Whether you do business online, offline, or a combination of both, your customer is always forming an opinion of you. From first impressions to completed orders, your customer’s impression of your company does more to reinforce your brand than any amount of advertising. But what are they really thinking? And how can changing your customer’s perception improve your bottom line? Let’s take a closer look:
What Do I Do If I Have Questions?
Most businesses employ a contact form at the very least to receive inquiries. Some even go so far as to have customers submit a support ticket or call a toll-free number. But oftentimes, especially in the pre-sales stage, customers are very reluctant to give out their personal information. Essentially, you haven’t demonstrated the kind of attention, service and value to them that enable them to trust you.
Even if they’re a repeat purchaser, being able to ask a simple question via live chat or being assigned a personal representative on the phone (whose extension they can call at any time) can have a measurable effect on proving that you value their business and will go beyond the stale, bland contact form or all-encompassing toll-free number to ensure they have the solutions they need.
Is This Mailing List Really Worth It?
For many web-based businesses, or retail stores with an online counterpart, the money is in the list. But many potential customers and returning customers alike are already subscribed to countless lists and bombarded with innumerable offers as it is.
Yours is not the first to offer them coupons, trends or news – so go beyond the typical mailing list call-to-action by showing value first. Put up a sample of your newsletter, get customers to talk about the deals they’ve gotten from it or how much they love the personalized advice or the recommendations. Prove that your mailing list is worth subscribing and paying attention to – and not just for the deals and sales announcements.
Concerns about Service After the Sale
If your customer has just purchased from you, it’s likely that they’ve arrived at a “thank you” page, or that you’ve just handed them their receipt and told them to have a nice day. This is the kind of after-sales service we all expect. But if something goes wrong, what’s the next step? That kind of anticipation leads to many abandoned shopping carts.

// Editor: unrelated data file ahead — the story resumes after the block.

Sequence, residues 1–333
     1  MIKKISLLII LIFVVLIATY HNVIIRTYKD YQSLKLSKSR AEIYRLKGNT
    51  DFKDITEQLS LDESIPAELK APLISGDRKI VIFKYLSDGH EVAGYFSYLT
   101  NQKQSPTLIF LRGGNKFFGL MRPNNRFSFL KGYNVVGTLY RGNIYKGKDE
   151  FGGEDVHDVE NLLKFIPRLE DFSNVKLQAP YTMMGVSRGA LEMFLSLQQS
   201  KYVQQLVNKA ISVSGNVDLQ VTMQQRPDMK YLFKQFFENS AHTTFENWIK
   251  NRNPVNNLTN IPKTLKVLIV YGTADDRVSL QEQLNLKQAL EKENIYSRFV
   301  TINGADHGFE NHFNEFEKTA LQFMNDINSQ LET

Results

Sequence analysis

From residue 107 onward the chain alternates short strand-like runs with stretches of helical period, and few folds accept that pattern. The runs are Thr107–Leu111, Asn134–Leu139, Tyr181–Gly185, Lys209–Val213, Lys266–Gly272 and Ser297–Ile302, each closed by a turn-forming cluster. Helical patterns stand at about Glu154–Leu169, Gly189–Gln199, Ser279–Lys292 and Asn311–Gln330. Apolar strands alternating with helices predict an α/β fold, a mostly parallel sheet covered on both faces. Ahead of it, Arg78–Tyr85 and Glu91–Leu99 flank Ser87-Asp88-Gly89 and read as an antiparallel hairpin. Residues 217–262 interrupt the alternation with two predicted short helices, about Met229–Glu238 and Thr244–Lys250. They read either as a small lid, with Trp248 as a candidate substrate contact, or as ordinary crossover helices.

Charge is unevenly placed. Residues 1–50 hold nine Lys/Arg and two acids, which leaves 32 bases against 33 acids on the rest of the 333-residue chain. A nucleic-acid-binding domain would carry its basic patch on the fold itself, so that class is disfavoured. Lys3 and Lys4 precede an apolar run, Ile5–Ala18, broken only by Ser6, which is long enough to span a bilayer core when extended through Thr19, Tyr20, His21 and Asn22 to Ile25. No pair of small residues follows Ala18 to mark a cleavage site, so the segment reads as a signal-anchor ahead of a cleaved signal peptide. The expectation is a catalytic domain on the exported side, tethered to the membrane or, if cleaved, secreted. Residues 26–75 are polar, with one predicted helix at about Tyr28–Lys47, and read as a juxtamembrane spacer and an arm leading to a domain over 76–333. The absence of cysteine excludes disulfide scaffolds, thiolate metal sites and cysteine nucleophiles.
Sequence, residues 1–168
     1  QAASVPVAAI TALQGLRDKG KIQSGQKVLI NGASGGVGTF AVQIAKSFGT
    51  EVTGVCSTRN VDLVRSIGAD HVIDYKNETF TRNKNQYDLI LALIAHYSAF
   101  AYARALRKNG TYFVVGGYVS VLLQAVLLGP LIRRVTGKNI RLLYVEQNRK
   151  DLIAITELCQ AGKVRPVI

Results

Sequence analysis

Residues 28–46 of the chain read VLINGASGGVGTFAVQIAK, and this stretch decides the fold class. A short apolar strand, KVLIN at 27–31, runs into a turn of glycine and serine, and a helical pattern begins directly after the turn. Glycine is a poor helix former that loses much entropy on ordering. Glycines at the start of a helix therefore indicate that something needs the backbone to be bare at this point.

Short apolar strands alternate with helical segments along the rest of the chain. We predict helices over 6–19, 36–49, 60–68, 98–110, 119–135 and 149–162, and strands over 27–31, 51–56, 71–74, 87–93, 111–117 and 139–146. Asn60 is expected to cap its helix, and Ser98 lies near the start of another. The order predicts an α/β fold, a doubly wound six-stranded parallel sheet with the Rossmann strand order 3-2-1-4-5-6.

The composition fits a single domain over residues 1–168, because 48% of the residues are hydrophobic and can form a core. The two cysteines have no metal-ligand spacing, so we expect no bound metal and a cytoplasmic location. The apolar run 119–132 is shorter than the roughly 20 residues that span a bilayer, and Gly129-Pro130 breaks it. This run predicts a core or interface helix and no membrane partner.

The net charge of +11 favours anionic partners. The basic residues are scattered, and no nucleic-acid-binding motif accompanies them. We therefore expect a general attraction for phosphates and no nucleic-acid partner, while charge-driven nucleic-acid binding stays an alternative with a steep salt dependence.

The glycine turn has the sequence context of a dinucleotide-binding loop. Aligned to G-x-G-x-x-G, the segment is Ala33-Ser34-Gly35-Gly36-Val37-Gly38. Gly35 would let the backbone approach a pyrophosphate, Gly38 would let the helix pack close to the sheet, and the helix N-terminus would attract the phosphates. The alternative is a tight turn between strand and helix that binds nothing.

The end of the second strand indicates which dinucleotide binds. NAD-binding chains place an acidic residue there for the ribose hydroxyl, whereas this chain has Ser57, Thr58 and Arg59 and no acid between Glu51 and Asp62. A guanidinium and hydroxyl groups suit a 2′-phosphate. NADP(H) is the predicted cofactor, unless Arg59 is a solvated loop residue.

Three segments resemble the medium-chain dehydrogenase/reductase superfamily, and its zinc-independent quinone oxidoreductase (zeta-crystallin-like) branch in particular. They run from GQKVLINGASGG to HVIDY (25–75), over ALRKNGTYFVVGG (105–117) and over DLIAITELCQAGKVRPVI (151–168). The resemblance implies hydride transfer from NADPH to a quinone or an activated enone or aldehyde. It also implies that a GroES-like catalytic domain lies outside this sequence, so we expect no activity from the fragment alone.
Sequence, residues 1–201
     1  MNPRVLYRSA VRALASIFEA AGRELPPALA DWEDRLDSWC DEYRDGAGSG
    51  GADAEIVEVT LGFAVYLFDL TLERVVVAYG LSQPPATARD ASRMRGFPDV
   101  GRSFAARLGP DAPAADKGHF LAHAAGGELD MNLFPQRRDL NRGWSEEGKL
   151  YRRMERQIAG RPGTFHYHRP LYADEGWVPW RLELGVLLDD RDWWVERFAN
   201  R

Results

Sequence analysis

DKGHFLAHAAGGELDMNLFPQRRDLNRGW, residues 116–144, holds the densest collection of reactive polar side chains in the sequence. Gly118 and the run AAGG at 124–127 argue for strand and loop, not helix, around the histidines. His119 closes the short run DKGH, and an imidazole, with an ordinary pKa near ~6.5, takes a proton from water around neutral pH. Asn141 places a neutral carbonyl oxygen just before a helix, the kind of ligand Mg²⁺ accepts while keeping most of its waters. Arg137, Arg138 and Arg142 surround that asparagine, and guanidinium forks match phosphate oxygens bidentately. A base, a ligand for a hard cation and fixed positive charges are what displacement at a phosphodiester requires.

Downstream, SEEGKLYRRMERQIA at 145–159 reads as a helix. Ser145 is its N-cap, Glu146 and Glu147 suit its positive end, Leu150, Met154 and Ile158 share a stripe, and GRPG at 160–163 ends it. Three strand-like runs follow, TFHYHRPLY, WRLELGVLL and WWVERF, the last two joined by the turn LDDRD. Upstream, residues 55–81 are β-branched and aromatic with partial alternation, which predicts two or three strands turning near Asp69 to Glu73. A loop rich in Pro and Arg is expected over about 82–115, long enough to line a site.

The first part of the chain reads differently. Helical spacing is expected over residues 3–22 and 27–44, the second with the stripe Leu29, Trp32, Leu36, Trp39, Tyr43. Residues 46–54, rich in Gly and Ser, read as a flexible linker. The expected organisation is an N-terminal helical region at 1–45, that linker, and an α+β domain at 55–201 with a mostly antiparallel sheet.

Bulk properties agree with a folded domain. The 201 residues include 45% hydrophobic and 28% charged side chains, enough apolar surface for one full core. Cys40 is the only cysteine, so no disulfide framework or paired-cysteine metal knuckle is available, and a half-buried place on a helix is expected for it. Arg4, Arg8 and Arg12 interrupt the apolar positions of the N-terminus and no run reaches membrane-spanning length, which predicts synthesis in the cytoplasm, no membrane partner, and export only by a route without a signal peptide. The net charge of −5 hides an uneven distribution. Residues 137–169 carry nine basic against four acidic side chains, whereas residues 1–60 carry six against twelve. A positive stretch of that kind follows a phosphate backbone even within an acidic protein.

Here again, you’re not anticipating any problems, but should they happen, the customer knows exactly where to go and what actions to take on their end to resolve things. One example of this is stating your refund / return / exchange policy directly on your site or by your checkout. This makes it clear and convenient to the customer to take the next step – backed by the confidence that your business is true to its word.
Your Call is Very Important to Us
It’s the age-old “greeting” when calling for support. It’s also highly likely that your customer is thinking “if my call were truly important, you’d answer it much quicker and not direct me halfway around the world in the process.” This is often followed by “Please hold for the next available representative”. Of course, when faced with a potentially high call volume despite your best efforts, show the customer that their time is just as valuable, by letting them know what number they are in line, or by letting them leave a voicemail or call-back number.
More insult is added to injury in this typical customer service fail when an automated service recommends visiting the website (which recommends that you call the support number) creating a never ending loop.
Less Technology, More Convenience
And right up there with voice mail hell is the use of too much technology – particularly technology that takes over the things that people used to do. How many times have you called a customer service number and been forced to download an app or walk through a “self service” system, when all you really want is to talk to a human being?
The Bottom Line on Customers and Your Bottom Line
Your customer wants what any rational person wants when doing business – to be valued, understood and welcomed. They want to know that a business sees them as a person rather than an account number (or a wallet) and is taking measurable steps to remedy their issues to their complete satisfaction. Technology and call-routing should be used as a vehicle toward achieving this – not as a replacement for it.
Think of it this way – your customer has already done a great deal of decision-making and comparison shopping to arrive at this point. Would you throw all of that away for the sake of a more streamlined resolution process that just presents more hoops for them to jump through? No serious business would, which is why those that do, often get the lion’s share of complaints.
By knowing what your customers truly think, you’ll be able to meet service challenges head-on, further proving that your own company is pro-active about doing the job right, no matter what you sell.